To Be A Writer.
“There is nothing to writing. All you do is sit down at a typewriter and bleed.” ~ Ernest Hemingway
Ernest said it best. To be a writer is to bleed. To be a writer is to purge out pages of nonsense in order to squeeze out a few drops of purified talent. We ooze, hold back for nuance, wonder, and second-guess.
We endlessly edit, cut, add, and add again, and then change it all around completely. We triumph as much as we fail. We critique as much as we are criticized.
And when the words — the succulent, painstakingly coaxed words — are birthed brilliantly, precisely, and remarkably as planned, we beam like stars, we celebrate, satisfied, even if we are all alone, which, quite frankly, is usually the case.
The writer must become, not all at once, but many times over, a thinker, a dreamer, a humorist, and a humanist. And we procrastinate like it’s our job because not getting it right is worse than writing nothing at all.
We are, in one package, sociologists, anthropologists, and psychologists. We are opinionated, and stubborn, and silent, and wordy to a fault.
We think we know it all and become puffed up, filled to the brim with ideas… that often go nowhere. We are completely wrong on some occasions, yet on others, we somehow manage to hit the nail directly on the head.
To be a writer is to listen. It is to watch, and feel what our conceived characters are feeling, in the moment. It is to grow ever passionate, and then yield.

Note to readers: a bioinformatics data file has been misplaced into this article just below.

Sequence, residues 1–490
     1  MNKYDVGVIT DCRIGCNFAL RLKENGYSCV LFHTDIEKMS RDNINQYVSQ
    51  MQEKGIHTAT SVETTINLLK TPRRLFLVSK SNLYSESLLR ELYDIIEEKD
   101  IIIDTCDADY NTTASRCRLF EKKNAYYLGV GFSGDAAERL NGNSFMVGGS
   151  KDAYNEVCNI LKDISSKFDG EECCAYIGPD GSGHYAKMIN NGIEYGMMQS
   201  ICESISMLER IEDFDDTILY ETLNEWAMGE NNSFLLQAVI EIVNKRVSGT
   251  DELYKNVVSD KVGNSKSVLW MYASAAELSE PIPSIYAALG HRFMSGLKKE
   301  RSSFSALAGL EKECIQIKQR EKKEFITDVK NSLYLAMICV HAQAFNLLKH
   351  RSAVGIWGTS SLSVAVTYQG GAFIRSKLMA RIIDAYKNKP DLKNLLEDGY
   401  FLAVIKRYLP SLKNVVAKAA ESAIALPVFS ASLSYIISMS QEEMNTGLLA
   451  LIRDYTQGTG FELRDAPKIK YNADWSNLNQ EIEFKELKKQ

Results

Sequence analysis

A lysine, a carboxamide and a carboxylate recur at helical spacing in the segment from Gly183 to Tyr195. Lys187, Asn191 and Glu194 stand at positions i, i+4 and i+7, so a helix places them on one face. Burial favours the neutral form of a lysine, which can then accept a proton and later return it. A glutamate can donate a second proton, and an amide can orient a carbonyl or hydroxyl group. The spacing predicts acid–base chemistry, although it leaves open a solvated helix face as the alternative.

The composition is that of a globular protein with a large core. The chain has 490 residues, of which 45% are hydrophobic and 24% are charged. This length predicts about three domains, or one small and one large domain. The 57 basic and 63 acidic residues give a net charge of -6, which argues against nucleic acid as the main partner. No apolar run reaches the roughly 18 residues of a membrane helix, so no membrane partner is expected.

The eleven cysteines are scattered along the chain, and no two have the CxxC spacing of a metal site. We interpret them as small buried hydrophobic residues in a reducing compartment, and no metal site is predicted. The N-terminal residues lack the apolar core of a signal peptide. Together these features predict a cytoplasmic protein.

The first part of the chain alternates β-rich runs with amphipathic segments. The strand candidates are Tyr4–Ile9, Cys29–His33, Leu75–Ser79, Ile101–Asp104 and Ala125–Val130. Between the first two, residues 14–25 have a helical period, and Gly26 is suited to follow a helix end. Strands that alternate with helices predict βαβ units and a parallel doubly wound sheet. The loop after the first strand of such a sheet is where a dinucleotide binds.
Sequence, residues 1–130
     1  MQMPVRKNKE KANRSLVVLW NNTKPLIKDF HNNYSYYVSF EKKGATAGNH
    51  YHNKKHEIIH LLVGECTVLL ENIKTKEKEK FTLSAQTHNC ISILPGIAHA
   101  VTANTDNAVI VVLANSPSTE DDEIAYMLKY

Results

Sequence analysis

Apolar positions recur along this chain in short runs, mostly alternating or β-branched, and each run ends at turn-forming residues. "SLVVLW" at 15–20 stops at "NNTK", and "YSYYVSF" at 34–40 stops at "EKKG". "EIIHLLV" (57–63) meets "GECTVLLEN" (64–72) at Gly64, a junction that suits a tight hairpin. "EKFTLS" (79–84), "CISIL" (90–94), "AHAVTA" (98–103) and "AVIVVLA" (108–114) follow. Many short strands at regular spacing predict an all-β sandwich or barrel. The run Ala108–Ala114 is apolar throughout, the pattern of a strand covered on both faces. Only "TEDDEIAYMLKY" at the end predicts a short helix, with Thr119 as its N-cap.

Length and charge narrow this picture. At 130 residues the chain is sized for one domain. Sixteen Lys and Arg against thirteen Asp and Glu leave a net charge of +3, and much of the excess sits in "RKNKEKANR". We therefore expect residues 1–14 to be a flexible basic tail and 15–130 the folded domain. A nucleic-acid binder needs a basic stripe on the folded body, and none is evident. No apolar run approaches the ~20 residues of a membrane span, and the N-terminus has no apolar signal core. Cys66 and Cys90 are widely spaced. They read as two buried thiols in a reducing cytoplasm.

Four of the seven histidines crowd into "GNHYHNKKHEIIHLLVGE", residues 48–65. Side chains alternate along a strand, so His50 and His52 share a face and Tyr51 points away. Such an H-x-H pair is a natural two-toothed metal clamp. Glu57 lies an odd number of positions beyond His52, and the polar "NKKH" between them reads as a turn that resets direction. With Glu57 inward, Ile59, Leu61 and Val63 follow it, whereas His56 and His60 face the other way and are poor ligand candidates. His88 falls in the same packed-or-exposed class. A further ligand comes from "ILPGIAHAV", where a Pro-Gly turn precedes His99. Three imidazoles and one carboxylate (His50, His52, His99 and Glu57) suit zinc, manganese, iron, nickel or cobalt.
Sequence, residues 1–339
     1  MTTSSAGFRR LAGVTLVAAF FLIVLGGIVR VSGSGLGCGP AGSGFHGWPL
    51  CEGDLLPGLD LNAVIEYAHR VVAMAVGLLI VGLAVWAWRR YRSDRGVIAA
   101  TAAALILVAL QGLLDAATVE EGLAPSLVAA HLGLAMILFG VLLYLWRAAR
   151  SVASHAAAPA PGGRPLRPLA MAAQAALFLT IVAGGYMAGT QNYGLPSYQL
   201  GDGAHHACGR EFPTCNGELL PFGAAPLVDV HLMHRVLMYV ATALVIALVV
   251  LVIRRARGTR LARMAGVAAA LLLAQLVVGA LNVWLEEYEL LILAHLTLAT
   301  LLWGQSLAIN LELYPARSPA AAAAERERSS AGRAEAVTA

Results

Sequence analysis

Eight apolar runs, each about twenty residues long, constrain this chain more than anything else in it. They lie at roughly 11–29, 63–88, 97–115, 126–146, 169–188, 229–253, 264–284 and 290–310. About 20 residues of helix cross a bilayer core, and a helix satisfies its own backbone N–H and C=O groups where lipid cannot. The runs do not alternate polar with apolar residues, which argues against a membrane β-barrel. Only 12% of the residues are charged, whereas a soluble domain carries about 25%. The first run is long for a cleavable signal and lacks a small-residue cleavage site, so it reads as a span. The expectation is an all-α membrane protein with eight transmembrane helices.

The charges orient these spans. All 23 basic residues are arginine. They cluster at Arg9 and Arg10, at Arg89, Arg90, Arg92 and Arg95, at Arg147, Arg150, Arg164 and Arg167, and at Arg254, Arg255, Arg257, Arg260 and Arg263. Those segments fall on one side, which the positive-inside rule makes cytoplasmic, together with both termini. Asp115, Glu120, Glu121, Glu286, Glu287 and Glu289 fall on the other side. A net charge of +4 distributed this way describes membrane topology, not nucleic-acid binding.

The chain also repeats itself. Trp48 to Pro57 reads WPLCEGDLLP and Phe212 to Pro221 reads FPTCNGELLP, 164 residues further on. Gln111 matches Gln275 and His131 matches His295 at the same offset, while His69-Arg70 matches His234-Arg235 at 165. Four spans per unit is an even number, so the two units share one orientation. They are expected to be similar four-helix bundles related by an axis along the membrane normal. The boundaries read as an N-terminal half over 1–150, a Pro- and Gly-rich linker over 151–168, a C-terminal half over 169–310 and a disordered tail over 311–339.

Yielding with worry about what is set to paper, because what is written cannot be erased, for then it forgets how to be honest, how to be real, and how to tell the whole truth, and nothing but the truth.
To be a writer is to become ever more indifferent regarding the interpretation of your words set down, the words that are more like blood spilling.
The blood is evidence of writing that will stand by itself, unattached to the writer. Writing set ablaze, unencumbered, with reckless, fearless, ceaseless abandon, is usually steeped in blood.
Tapping volumes from a speck of an idea, a writer works to expand the view of those not yet looking, to engage the senses.
We strive for you to hear the drip, smell the burning wood, taste the sour grapes, touch the soft, silky essence, see the boat sinking, and feel the havoc wreaked.
We want to set the reader upon a journey, a rich, feverish voyage that draws emotion, pulling out chortles of delight in places unexpected.
We want you to sigh in heart-heavy disbelief, especially at the end of the story when the little child dies or the mother returns, too late, much too late, or both of these things happen on the same damn page, in the same damn paragraph, leaving you distraught, welling up, swimming in a river of tears.
How could the writer not weep with sorrow, and regret, and melancholy at the very idea of such a tragic turn? How can the reader not soak the pages through?
And so to be a writer, the writer must write, and write more, again, to uncover, to expel, to release our collective hope, our fantasy, our fiction, our fears, our triumphs, and our deeply held convictions.
They are carefully, ardently dropped — those words — squarely in the center, only to splash and ripple, then widen and roll. They explode and implode, only to diminish, to diminish still, to nothing, straight to dust they go.
They fade — those words — to become but small blurry smudges, on a worn piece of paper. All that blood spilled becomes a memory… a bare memory, at most.
Kimberly Valzania practices mindful gratefulness. She feels creatively driven to write about and share her personal experience and opinion on weight loss, fitness, life changes, adventures in parenting, day-to-day triumphs (and failures), and the truth-seeking struggle of simply being human. She believes that life is indeed a journey, and that precious moments appear (like magic) when you surrender, hold hands, and fling yourself into the great, wide, open.